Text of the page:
Undoubtedly, pets are creatures of habit. They rely heavily on predictable events, such as meal times, bathroom breaks, and opportunities for play and exercise. After a long, active summer in which they’ve grown accustomed to daily, consistent involvement, some pets have a tough time adjusting to a new routine. Continue…
It sounds like something out of a science fiction movie, but pet microchips have been around for more than two decades. Statistics show that dogs and cats with chips are reunited with their owners 52% and 38% of the time, respectively. The likelihood of an animal going home that is not microchipped is much, much smaller. Because the Pet Experts believe in the power of pet microchips, we offer them for free at your pet’s first wellness exam.
Not a Replacement
Pet microchips are never a replacement for collars and tags. Rather, they act as a supplemental insurance against permanent separation.
Encased in biocompatible glass or polymer, pet microchips are about the size of a grain of rice and simply comprised of a capacitor, antenna, and connecting wire. They do not contain a battery and do not use GPS to show location. Continue…
A trip to the spa typically involves a scent of some kind that decreases stress, such as almond, eucalyptus, clove, peppermint, pine, tea tree, and ylang-ylang. Often mixed with vitamin E oil and massaged into the skin, these scents trigger certain responses through our olfactory receptors, brain, and nervous system. While these products, known as essential oils, are gaining in popularity, they can also threaten pet safety and health.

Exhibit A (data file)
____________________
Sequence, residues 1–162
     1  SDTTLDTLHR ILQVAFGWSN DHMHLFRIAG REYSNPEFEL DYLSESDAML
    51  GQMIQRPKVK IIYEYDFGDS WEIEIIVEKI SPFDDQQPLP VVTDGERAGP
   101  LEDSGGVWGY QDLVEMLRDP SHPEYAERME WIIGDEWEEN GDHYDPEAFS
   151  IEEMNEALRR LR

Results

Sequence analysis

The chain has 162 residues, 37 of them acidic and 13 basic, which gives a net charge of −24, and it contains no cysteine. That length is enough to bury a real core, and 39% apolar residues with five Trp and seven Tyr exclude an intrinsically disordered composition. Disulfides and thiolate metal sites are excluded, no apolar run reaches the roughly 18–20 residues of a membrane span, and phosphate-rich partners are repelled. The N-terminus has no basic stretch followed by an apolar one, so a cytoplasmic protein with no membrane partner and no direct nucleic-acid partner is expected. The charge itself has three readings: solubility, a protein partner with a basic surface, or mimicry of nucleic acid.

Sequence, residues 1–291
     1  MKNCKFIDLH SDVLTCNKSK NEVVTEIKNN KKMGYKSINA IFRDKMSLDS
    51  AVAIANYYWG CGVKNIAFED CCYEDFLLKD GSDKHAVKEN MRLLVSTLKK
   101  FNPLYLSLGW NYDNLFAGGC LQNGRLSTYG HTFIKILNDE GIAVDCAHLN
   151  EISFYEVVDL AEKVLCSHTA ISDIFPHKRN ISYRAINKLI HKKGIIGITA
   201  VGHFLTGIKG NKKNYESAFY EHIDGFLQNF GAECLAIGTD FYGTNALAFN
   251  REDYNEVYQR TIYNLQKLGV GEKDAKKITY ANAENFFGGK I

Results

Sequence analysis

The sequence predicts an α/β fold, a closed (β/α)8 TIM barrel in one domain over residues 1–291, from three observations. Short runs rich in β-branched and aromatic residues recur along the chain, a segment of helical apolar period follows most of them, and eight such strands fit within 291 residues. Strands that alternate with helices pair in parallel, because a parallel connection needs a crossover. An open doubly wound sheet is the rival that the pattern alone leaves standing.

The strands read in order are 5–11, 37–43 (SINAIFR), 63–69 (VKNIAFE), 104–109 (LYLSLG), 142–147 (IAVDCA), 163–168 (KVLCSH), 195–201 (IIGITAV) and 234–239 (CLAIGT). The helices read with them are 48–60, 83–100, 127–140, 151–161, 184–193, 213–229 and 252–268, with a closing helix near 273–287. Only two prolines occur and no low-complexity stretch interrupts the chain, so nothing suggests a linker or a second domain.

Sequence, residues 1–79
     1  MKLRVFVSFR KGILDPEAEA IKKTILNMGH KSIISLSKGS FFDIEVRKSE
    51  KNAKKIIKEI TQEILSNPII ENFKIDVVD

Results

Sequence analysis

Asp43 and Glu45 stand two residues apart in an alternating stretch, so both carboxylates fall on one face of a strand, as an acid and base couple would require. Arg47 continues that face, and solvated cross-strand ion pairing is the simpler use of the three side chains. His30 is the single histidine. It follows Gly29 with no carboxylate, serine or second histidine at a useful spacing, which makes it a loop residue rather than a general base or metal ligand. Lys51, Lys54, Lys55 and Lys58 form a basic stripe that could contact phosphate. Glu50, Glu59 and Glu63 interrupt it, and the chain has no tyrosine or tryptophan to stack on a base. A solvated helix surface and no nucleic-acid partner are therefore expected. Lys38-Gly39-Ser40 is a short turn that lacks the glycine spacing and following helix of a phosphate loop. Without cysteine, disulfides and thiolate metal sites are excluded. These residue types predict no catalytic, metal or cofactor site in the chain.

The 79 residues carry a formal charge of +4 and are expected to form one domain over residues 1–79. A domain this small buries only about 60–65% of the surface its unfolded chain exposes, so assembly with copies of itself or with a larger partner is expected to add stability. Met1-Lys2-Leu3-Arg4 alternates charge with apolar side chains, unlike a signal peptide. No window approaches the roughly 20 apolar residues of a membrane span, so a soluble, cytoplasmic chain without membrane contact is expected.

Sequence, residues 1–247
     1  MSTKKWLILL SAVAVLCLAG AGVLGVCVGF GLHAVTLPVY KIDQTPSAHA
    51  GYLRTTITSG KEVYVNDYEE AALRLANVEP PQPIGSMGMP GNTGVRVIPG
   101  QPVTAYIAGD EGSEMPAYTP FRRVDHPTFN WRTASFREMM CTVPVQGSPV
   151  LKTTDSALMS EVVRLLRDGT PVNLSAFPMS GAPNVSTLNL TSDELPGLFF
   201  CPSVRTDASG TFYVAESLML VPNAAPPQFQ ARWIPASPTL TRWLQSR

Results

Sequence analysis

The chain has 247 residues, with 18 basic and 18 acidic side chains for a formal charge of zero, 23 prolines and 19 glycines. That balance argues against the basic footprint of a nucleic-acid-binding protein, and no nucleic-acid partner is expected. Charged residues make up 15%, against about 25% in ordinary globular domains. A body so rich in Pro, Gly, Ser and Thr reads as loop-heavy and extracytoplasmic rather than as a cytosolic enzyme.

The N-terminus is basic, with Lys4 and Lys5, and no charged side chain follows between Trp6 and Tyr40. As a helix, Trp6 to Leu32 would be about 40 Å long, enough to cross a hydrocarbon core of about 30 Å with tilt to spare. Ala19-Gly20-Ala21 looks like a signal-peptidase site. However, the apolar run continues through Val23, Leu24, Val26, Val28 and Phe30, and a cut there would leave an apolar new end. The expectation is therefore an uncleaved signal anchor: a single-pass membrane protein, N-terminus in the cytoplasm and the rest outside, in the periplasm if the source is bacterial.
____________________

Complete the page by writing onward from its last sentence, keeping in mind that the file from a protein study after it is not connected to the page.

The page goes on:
With the holiday shopping season underway, now is the time to start thinking about how to make the holidays brighter for those in need. For animal lovers, helping shelter pets is an obvious choice, but because the situation can seem dire and overwhelming, many of us are left wondering where to begin or if our help could even make a difference.
As it turns out, it doesn’t take much to make a big impact on the lives of shelter pets. Let The Pet Experts at Wheaton Animal Hospital guide you in finding the perfect way to help needy pets this holiday season and all year long!
There are exactly zero pet owners out there who shrug off unforeseen, yet repetitive, vomiting episodes (with or without diarrhea). To be sure, it’s alarming when an animal shows acute signs of sickness, but rushing to the ER every time your pet hacks something up may not always be the right approach. The Pet Experts present: when to wait and see if tummy troubles improve vs. when to accept that a real pet emergency is looming…
There’s a significant amount of cause and effect in the world shared by our pets, and either positive or negative behaviors are the result of certain stimuli. In the case of pet costumes, it’s never a given how an individual pet will react, but excessive panting, hiding, and growling aren’t entirely uncommon. In fact, pet costumes can repel the pet you so dearly want to dress up, but The Pet Experts have a few tips to keep your Halloween game strong and safe.
Many pet owners might purchase or create a costume with the understanding that their four-legged buddy will detest it. In spite of your best efforts, enthusiasm, and encouragement, your pet reserves the right to hate every possible option under the sun. That’s okay. Don’t force the issue. Instead, spend a quiet night at home watching scary movies together.